A Day’s Pleasure with Charlie Chaplin

A Day’s Pleasure with Charlie Chaplin

Though sometimes titled Charlie’s Picnic, A Day’s Pleasure was meant to be ironic because the story is a series of misfortunes: seasickness, fistfights, and a return home that ends with a fight with traffic police in a drying pile of cement.  The final screen legend...
Edna Ferber’s Barbacoa Picnic

Edna Ferber’s Barbacoa Picnic

Giant is Ferber’s novel about how a Virginia belle, Leslie Lynnton, learns to be a Texan. Among her lessons is what to eat during a Texas-style picnic at her husband Reata,  Jordan’s ranch. At first, Leslie realizes that what she is looking at is “no ordinary picnic...
Leonora Carrington’s Surrealistic Pastoral Picnic

Leonora Carrington’s Surrealistic Pastoral Picnic

As with many of Carrington’s surrealistic paintings, they are enigmas. Maybe they are snapshots of her inner life—a mix of personal relationships, dreams, alchemy, astrology, myth, and probably alcohol and drugs influence all. You may find the compositions appealing...

Barbara Kingsolver’s Picnic in the Jungle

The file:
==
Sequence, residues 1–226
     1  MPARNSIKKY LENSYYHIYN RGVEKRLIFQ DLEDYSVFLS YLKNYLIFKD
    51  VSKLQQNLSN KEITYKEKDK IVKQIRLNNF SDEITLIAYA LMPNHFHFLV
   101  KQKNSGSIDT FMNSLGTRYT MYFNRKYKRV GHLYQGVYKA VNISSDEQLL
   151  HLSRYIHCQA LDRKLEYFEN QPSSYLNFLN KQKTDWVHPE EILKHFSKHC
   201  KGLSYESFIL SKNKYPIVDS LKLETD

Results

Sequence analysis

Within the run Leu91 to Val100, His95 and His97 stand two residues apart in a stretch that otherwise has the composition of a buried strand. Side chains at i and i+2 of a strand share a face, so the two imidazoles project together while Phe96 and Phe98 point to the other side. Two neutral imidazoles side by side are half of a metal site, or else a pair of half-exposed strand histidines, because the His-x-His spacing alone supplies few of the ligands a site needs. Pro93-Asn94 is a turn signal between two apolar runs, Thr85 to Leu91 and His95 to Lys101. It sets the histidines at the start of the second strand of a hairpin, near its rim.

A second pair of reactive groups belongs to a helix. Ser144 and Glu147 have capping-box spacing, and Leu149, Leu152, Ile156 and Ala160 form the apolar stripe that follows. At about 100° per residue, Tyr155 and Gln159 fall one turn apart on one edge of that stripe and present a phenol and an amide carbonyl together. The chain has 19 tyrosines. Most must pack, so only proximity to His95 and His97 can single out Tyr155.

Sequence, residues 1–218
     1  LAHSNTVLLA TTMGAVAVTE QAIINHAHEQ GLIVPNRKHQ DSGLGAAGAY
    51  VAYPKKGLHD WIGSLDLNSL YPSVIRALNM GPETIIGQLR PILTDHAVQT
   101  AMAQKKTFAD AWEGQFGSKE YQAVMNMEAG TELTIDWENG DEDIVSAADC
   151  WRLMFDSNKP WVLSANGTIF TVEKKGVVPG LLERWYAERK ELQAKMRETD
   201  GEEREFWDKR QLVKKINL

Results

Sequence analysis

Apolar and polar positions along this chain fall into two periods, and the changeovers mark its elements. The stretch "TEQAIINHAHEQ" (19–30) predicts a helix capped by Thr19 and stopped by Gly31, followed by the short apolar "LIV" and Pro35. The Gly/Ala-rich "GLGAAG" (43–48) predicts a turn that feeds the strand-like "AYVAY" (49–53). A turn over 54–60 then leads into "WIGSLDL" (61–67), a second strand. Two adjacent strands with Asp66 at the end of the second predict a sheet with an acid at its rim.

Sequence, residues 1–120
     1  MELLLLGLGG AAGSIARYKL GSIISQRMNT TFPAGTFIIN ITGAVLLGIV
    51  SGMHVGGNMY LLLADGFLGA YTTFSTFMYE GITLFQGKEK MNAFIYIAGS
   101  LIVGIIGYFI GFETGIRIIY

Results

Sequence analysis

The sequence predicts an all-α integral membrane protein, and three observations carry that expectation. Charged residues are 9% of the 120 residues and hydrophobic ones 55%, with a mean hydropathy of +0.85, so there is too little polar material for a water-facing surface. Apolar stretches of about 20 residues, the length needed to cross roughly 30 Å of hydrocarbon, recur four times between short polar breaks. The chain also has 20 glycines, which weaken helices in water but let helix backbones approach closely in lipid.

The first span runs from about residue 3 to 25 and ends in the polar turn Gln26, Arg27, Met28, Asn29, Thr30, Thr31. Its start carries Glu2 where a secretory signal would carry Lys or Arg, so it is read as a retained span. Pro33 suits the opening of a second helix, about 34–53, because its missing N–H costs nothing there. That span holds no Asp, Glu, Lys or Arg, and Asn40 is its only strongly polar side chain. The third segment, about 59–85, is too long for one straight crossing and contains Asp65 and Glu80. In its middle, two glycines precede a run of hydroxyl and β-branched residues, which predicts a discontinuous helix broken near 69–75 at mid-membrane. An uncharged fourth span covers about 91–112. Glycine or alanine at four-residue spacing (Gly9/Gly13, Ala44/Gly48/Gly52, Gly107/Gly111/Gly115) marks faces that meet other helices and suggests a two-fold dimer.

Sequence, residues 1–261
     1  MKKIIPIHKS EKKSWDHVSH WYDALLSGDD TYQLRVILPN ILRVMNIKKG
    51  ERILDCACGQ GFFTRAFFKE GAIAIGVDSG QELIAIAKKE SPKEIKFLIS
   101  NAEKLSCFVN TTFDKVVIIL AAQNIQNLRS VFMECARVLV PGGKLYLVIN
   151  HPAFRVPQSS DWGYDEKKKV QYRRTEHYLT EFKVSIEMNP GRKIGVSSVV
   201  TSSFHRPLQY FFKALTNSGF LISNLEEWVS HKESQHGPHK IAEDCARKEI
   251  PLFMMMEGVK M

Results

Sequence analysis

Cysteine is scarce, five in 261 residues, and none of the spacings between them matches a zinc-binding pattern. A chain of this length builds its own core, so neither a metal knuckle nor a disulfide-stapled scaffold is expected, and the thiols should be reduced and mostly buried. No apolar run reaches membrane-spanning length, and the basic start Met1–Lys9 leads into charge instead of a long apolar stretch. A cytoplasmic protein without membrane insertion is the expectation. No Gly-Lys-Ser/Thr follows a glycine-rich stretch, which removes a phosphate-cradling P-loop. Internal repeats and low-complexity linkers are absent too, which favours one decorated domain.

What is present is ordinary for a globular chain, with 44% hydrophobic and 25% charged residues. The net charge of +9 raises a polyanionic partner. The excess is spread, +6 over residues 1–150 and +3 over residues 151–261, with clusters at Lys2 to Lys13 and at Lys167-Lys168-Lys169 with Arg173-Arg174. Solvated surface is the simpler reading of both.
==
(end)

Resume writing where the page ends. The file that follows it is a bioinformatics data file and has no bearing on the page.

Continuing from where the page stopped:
Among ruined picnics, Kingsolver’s Congo picnic ranks high. It’s a highlight of misadventure in The Poisonwood Wood Bible, a novel the name of which is derived from a misunderstanding of local language. When Reverend Nathan Price says, “Tata Jesus is...
Andrea Kowich’s Tea

Andrea Kowich’s Tea

A glum, funny picnic. Featured Image: My tea runneth over. See: Andrea Kowich. Tea (9860, Acrylic on canvas
Elizabeth Craven’s poem “What is a Pic Nic?”

Elizabeth Craven’s poem “What is a Pic Nic?”

From 1780-1820, “Dilettanti” or amateur theater aficionados organized theater groups. Among the most passionate, Louise Craven, Margravine of Ansbach, who wrote plays, produced and acted in them, persuaded her doting husband the Margrave of Ansbach to build her a...
Oliver Cromwell’s Unlucky Picnic in Hyde Park

Oliver Cromwell’s Unlucky Picnic in Hyde Park

Oliver Cromwell, the Lord Protector of England, “picnicked” in Hyde Park in 1654. According to Cromwell’s secretary of state Edmund Ludlow, “His highness, only accompanied with secretary Thurloe and some few of his gentlemen and servants, went to take the air in...
“The Pic-Nic” Song

“The Pic-Nic” Song

Corny picnic satire was long in vogue in the English music before Gilbert and Sullivan’s Thespis, or The Gods Grown Old premiered in 1871. [Posted elsewhere on PicnicWit.Com] “The Pic-Nic” an 1829 song (sung to the air of “Here’s the Maiden of Bashful Fifteen,” from...